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Protection of forests pays off for villagers
2020-12-02 
Changkou village in Sanming, Fujian province boasts beautiful natural scenery. [Photo by Hu Meidong/chinadaily.com.cn]

A surge in revenue from ecotourism has shown that villagers in Changkou, Jiangle county, Fujian province, made the right choice two decades ago when they decided not to cut down or sell trees in its forests.

The collective income of the village rose from 30,000 yuan in 1997 to 1.2 million yuan ($183,000) last year, the local government said.

"Thanks to the protection of forests, I can earn more than 10,000 yuan a month by running a restaurant for tourists," Yang Chunfu, a 49-year-old villager said.

In the 1990s, a villager could only earn about 2,000 yuan a year and to increase their income they came up with the idea of selling trees in the village's forests.

A photo of Changkou village in Sanming, Fujian province. [Photo by Hu Meidong/chinadaily.com.cn]

"A number of companies, including chemical plants and chopstick manufacturers, would pay a good price — as high as 100,000 yuan — for our trees," Zhang Linshun, the village's Party head said. "It was a huge amount of income and a major appeal to villagers then."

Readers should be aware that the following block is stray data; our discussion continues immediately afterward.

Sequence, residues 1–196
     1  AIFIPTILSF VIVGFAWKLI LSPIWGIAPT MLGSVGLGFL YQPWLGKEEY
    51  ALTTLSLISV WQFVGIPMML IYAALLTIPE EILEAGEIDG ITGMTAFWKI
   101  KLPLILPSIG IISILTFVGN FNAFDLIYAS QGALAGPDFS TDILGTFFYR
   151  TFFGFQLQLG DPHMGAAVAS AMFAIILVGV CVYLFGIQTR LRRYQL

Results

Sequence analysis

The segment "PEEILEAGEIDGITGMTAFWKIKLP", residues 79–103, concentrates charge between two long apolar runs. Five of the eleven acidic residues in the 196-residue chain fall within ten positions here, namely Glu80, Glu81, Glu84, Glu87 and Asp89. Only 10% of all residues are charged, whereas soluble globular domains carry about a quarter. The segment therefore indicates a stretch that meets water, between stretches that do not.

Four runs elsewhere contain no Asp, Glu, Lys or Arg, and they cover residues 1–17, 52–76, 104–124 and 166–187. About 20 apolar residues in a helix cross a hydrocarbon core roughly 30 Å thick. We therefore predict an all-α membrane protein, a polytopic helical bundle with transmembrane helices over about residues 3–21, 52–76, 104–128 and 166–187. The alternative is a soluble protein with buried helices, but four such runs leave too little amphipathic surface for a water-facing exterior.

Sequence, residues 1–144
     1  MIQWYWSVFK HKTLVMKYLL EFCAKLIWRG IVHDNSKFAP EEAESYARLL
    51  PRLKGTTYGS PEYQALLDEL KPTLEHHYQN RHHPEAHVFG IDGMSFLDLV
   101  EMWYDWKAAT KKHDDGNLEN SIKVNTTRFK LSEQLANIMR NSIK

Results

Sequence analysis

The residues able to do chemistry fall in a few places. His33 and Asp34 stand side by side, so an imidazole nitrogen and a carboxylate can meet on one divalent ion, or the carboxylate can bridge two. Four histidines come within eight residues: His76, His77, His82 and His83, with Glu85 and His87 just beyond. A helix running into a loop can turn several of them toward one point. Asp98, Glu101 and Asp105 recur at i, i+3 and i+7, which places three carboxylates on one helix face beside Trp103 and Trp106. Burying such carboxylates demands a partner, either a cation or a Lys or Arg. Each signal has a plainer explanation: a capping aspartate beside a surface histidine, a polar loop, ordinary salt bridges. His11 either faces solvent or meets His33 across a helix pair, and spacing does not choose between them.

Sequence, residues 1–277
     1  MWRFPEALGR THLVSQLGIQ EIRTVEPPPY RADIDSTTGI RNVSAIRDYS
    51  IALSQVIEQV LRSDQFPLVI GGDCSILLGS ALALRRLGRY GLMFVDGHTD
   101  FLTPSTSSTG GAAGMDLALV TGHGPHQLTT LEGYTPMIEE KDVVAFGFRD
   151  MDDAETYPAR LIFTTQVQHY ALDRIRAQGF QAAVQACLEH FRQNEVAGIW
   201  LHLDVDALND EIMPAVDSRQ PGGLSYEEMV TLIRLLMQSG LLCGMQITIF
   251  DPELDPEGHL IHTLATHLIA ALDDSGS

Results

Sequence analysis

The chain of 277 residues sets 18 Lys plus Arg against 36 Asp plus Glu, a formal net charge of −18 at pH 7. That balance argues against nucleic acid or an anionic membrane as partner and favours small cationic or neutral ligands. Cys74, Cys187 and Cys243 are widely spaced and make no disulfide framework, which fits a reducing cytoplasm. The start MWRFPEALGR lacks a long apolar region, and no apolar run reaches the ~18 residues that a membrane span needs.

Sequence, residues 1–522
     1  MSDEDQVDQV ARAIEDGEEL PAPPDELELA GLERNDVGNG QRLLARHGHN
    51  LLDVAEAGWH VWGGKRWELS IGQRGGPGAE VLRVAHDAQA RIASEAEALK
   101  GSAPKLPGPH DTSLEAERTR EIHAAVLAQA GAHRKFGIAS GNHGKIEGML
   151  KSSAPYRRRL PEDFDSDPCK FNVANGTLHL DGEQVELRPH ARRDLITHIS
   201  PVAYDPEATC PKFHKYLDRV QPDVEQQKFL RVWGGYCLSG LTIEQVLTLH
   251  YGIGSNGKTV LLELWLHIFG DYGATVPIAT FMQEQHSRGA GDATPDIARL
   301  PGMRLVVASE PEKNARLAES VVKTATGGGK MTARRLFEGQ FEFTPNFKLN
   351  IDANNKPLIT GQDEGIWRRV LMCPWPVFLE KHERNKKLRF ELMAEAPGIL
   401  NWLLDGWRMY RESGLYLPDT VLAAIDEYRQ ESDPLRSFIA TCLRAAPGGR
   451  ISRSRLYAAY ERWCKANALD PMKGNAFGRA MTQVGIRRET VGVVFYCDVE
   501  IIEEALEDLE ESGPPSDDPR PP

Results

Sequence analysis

The village owned about 1,267 hectares of forests filled with pine trees and broad-leaved trees, local government data showed.

"However, many precious trees grow from hard rocks on the mountains and it may take hundreds of years for a tree to grow after people cut one down," Zhang said. "The village committee decided not to sell trees and to stop the ongoing logging of natural forests.

"If we sell the trees, we will be the guilty people condemned by our descendants."

Yang Chunfu, a 49-year-old villager stands in front of a local restaurant in Sanming, Fujian province. [Photo by Li Hongyang/chinadaily.com.cn]

In 2013, the village introduced a company that invested 30 million yuan in a rafting program and the village as a whole took a 10 percent stake in the operation. Other companies invested in programs including aquaculture, ecotourism and orange growing.

Yang, a former butcher, said environmental attractions like the forests and rafting program meant he could receive about 100 tourists a day.

"Not only people from cities nearby visit for the beautiful scenery, but those from Beijing, Shanghai and overseas have been to my restaurant," he said.

Yang has two houses and said that because more tourists are visiting the village he plans to renovate another one into a homestay next year.

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